#familyMH5aday was launched in my house to take back control over our family lifestyle and it somehow gave us a framework to work from.
The Principles are simple.
You and your daughter Rosie recently gave a TED talk at TEDx NorwichED. How was that?
It will be one of the most incredible experiences I have ever had. The support from the TEDx organizers and the fellow speakers was incredible – I really recommend this event and Tim Handley who is the whizz behind it all. The inimitable Jaz Ampaw-Farr was the force behind me, encouraging me to submit a talk. What an incredible motivator she is and her story is phenomenal – Every teacher needs to watch Jaz Ampaw-Farr’s TEDx video on The Power of Every day Heroes.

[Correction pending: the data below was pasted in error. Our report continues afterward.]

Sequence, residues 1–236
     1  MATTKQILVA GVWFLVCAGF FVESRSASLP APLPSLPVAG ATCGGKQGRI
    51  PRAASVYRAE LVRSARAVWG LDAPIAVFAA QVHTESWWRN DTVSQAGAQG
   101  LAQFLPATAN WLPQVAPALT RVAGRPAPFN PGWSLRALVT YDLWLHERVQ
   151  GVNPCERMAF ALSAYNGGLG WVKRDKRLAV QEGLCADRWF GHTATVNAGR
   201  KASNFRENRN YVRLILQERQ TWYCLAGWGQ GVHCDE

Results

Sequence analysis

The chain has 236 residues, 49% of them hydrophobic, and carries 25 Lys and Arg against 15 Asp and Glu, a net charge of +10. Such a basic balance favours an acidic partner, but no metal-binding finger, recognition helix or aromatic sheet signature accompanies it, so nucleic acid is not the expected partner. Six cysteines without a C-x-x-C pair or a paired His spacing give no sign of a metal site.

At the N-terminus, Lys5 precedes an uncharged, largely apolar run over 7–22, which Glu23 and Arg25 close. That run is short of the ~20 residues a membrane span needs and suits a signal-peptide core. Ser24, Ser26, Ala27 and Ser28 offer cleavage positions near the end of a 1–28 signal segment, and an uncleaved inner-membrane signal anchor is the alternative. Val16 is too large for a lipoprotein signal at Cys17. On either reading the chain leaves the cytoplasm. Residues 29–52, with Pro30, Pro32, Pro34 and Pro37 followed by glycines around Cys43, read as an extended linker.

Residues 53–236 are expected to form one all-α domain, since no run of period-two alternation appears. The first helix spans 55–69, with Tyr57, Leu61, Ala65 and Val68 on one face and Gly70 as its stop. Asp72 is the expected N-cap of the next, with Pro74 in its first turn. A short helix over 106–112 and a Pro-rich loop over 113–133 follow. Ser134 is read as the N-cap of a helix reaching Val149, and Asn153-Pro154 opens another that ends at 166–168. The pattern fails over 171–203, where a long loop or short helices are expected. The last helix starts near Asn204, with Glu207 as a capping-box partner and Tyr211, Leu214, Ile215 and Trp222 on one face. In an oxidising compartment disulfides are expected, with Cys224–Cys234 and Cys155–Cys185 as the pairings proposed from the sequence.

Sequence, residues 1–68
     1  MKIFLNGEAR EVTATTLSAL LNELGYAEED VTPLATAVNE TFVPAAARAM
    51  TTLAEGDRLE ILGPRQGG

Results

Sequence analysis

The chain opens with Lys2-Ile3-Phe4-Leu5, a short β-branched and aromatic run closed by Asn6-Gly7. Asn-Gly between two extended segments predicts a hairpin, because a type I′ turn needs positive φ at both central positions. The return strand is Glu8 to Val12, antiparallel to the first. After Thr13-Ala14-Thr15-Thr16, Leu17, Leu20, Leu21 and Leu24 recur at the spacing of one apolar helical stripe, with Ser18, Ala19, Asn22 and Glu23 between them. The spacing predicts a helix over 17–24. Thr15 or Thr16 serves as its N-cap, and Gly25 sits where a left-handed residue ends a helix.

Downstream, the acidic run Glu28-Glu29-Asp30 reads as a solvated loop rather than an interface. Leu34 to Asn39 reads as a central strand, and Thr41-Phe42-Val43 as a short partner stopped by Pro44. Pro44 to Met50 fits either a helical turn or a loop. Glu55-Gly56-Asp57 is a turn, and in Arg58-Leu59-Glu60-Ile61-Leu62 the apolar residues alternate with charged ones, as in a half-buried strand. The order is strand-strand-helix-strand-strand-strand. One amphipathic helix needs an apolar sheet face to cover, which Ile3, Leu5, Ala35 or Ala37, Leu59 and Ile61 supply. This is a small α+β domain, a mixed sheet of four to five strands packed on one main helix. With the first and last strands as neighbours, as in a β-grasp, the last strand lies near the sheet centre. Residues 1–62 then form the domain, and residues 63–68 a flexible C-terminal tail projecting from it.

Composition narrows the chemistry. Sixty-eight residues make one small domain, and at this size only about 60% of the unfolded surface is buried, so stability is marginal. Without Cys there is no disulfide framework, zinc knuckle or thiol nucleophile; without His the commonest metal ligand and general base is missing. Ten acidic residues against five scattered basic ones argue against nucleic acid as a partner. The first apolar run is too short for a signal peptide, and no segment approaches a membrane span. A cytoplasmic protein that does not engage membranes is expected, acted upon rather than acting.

I remember when she prompted me to apply – I was thinking that’s all very well but you have to have something interesting to say!
When I thought about sharing the #familyMH5aday message I knew it had to be shared with my two kids. When they both said they were up for sharing the idea I was delighted. We wrote the speech together and I had to make sure there were not any words they did not understand and that they supported every point. They are my best critics and often pick me up on any hypocrisy. We had LOTS of discussions about what should go in and how it should be said. Rosie’s confidence was incredible – she really owned that stage and the message and Matthew’s cameo was perfect. Sharing the stage with my daughter and having my son appear in the video clip was too precious for words.